What is JavaScript and Where Can I Learn It?

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At the simplest level, JavaScript code is loaded behind-the-scenes when a web page is visited in nearly any modern browser. Once that page has finished loading and is displayed on screen, the JavaScript code is executed and instructs the browser what additional actions (if any) should take place. If no immediate action is to take place (such as placing the text cursor in a search box), then typically the JavaScript code simply sits idle, waiting for a particular event to occur, at which point the JavaScript code fires and performs a necessary action.

For example, when filling out the password box in a registration form, JavaScript will often be waiting for the moment when the user begins typing characters into the password box. In the event that the user types a special character that this particular web page doesn’t allow as part of a valid password, the JavaScript code will immediately notice this issue and pop up a small text alert near the password field, informing the user of this issue.

While adept users may consider or even recognize that this verification process of ensuring the password field contains valid characters can be performed by the server (the remote computer hosting the website), this illustrates the fundamental power of JavaScript as a technology: JavaScript can perform tasks immediately, directly on the device the user is interacting with, without the delays normally necessary when sending and receiving information from a web site.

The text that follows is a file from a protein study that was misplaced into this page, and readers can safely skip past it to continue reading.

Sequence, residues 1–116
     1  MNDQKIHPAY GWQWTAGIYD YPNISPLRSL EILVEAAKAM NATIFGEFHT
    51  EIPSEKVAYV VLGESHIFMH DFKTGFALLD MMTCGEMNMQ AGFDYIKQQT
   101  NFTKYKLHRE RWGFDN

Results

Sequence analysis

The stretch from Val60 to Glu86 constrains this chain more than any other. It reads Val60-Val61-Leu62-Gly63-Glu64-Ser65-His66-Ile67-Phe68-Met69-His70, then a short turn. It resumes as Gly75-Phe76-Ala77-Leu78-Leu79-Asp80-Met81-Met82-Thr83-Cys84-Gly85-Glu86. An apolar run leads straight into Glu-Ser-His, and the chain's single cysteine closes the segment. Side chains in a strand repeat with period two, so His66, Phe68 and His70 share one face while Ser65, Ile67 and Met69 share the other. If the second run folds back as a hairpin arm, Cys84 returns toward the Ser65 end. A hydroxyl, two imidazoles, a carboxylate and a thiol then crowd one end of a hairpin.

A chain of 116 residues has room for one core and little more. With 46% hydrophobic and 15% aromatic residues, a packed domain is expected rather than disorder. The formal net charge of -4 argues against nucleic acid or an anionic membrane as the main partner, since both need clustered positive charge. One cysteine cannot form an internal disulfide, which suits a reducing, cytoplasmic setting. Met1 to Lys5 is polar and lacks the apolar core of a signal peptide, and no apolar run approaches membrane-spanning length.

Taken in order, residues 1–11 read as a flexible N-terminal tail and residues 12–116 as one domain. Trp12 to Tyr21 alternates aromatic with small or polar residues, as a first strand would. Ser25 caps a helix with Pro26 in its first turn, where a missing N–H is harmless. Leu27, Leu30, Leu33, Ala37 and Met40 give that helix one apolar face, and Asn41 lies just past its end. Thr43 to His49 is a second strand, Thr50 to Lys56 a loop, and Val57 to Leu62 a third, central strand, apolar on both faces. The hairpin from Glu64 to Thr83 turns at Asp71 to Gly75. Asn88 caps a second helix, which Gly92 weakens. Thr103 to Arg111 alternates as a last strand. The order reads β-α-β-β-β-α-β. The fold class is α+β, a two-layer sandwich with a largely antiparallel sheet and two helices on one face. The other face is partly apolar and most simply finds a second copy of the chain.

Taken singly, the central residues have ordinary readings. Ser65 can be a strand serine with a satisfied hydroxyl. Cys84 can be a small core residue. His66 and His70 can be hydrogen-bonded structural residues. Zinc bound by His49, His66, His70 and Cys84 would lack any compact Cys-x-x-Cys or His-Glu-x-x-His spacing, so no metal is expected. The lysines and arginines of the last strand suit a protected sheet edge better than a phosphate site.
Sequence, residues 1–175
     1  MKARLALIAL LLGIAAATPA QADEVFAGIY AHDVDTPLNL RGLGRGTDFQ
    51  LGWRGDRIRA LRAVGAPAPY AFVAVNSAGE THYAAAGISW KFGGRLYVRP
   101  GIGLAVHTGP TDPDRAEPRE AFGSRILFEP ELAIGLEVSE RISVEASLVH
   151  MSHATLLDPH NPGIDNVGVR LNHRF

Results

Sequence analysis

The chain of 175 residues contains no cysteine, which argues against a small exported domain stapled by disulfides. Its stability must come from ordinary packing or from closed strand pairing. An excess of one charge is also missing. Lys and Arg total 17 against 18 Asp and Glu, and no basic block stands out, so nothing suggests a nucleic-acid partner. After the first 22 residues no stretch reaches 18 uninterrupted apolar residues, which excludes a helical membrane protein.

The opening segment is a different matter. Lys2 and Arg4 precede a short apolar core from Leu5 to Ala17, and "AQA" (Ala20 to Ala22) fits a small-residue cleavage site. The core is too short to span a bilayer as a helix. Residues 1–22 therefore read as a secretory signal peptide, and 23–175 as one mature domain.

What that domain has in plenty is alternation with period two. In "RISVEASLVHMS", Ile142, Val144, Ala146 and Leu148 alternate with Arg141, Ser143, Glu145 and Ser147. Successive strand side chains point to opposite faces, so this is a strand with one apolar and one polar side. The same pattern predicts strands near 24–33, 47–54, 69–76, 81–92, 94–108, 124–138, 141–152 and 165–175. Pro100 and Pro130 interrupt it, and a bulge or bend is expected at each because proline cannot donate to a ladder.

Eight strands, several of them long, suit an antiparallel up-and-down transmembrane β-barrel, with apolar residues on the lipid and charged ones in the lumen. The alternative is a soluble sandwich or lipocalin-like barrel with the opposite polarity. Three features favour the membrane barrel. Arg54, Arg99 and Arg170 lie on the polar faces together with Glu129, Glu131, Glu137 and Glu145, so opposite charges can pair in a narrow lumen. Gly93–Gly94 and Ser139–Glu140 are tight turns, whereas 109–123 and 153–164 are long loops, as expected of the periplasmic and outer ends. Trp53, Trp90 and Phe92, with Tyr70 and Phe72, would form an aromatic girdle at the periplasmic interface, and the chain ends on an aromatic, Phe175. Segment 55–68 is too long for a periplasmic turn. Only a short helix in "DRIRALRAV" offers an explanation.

Why is JavaScript Essential?

Aside from the power and control that implementing JavaScript into a website has for the company behind that site, it’s also critical to understand just how vital JavaScript as a technology is, both at present and well down the road for the foreseeable future. Having a solid grasp of what JavaScript is, and perhaps even how to begin coding and working with it, are among the most crucial skills anyone interested in web technologies or development can gain.

A multitude of technologies have sprung up in recent years that heavily focus on utilizing the power of JavaScript.

Node.js, a server-side JavaScript library built using Google’s V8 JavaScript engine, is among the most dominant of these technologies. Node.js is powerful and robust enough that, over the last few years, a great number of big name companies have migrated their services from older technologies to Node.js, including Netflix, PayPal, and Uber. What makes Node.js so interesting is that, unlike most implementations of JavaScript in the past, Node.js allows JavaScript to be the backbone language that handles everything on the server itself, rather than merely managing interactions only on the user’s computer. Not only is JavaScript widely used by massive companies and services, in fact all signs indicate that it is among the most popular programming languages used day-to-day by developers worldwide.

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